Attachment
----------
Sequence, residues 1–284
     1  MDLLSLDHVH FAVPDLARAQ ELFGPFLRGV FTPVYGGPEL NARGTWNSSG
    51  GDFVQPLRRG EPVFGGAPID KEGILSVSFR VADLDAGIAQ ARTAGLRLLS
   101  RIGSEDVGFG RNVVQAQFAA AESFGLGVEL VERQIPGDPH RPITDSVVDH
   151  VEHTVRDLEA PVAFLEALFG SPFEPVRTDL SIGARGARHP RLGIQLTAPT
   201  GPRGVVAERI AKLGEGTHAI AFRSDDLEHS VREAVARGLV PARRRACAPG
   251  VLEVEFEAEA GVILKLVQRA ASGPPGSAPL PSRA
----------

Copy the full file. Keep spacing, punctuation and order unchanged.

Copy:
Sequence, residues 1–284
     1  MDLLSLDHVH FAVPDLARAQ ELFGPFLRGV FTPVYGGPEL NARGTWNSSG
    51  GDFVQPLRRG EPVFGGAPID KEGILSVSFR VADLDAGIAQ ARTAGLRLLS
   101  RIGSEDVGFG RNVVQAQFAA AESFGLGVEL VERQIPGDPH RPITDSVVDH
   151  VEHTVRDLEA PVAFLEALFG SPFEPVRTDL SIGARGARHP RLGIQLTAPT
   201  GPRGVVAERI AKLGEGTHAI AFRSDDLEHS VREAVARGLV PARRRACAPG
   251  VLEVEFEAEA GVILKLVQRA ASGPPGSAPL PSRA